yellow brick road to stats heaven

~ a loose collection of statistical and quantitative research material for fun and enrichment ~

by roland b. stark

critique: occasional commentary on research methods and analyses

yellowbrickstats home | my statistical and research consulting

"how to (and how not to) assess the effect of images in warning labels"

June 29, 2018

"Ours is the first study to evaluate the effectiveness of sugary drink warning labels," touts Grant Donnelly, a lead author of a joint study by the Harvard Business School and Harvard University Behavioral Insights Group. Kudos for their smart approach to testing the effect of images as part of those warning labels (objective measures showed that images indeed brought about the desired reduction in purchases).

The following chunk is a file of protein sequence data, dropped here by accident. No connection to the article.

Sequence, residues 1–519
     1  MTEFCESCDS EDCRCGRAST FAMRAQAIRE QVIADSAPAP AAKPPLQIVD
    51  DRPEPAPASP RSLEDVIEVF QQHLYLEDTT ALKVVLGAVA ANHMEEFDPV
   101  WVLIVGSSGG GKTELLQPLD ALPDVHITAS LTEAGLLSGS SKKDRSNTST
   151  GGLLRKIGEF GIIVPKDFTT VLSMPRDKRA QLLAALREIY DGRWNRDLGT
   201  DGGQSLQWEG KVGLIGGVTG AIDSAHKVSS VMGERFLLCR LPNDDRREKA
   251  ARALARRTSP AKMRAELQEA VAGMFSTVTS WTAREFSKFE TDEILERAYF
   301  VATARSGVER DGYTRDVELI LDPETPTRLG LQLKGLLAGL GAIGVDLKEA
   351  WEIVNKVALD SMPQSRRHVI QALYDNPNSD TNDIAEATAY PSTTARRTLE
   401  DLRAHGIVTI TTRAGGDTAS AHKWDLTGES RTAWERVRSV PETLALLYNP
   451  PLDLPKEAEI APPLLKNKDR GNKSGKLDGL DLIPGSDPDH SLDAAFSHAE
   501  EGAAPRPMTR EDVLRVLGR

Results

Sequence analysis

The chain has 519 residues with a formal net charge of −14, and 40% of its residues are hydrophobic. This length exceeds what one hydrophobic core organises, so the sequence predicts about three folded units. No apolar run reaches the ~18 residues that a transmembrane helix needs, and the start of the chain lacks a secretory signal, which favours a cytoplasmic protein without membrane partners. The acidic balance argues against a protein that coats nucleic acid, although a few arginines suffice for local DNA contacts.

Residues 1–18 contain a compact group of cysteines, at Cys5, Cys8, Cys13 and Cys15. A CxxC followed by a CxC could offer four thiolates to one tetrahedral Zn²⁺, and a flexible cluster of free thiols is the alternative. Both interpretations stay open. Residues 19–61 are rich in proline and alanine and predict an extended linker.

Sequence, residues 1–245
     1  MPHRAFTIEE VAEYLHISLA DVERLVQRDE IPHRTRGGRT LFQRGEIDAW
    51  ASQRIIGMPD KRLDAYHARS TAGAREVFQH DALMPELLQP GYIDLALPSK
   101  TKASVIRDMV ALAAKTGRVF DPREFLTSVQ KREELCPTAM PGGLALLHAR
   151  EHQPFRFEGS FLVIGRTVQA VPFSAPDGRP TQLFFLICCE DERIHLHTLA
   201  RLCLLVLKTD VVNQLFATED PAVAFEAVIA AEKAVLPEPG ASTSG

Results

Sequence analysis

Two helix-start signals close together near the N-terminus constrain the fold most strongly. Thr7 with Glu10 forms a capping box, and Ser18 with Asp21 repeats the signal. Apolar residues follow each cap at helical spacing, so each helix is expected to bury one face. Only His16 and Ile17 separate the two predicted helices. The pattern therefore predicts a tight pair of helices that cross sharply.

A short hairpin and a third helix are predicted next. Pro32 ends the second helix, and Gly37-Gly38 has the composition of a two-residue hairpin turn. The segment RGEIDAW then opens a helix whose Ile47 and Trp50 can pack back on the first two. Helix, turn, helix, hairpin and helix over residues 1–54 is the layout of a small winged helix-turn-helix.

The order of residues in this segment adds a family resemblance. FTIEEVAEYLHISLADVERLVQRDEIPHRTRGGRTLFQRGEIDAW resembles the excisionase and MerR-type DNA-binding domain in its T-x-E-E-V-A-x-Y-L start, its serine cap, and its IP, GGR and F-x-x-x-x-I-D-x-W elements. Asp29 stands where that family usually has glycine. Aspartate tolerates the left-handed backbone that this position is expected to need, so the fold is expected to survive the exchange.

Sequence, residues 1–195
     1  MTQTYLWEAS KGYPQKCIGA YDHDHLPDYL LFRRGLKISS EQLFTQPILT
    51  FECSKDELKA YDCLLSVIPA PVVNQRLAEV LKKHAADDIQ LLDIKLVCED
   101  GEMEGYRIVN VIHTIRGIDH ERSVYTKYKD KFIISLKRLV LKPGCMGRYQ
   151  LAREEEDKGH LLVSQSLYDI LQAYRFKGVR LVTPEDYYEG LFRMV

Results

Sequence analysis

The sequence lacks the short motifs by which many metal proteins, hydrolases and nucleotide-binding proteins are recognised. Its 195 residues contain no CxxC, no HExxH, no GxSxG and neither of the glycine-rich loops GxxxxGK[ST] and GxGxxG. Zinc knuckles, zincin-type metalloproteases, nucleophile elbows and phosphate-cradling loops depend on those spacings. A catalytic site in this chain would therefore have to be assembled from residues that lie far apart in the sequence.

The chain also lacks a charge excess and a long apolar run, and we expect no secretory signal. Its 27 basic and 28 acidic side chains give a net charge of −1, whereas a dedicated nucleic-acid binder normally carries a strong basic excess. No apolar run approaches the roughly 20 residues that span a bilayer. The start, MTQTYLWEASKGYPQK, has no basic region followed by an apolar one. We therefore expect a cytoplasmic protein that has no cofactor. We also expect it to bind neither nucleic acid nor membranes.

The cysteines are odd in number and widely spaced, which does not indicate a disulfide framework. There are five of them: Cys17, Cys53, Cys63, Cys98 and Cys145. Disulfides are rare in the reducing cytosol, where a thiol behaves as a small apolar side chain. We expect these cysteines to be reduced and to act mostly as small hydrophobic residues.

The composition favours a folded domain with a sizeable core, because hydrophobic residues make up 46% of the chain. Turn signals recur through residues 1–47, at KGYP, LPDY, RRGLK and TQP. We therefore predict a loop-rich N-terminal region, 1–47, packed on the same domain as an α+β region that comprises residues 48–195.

But shame on the researchers for ignoring or missing decades of psychological and behavioral-economics research on the best ways of investigating cause and effect. For the study also incorporated a naive direct question asking participants "how seeing a graphic warning label would influence their drink purchases." An abundant literature, from Nisbett and Wilson (1977) to my own recent article, shows that it would be foolish to trust in such subjective interpretations of the factors behind each person's decision-making process. After acquiring such good, objective information, why would Donnelly et al. water it down with subjective findings that are sure to introduce bias?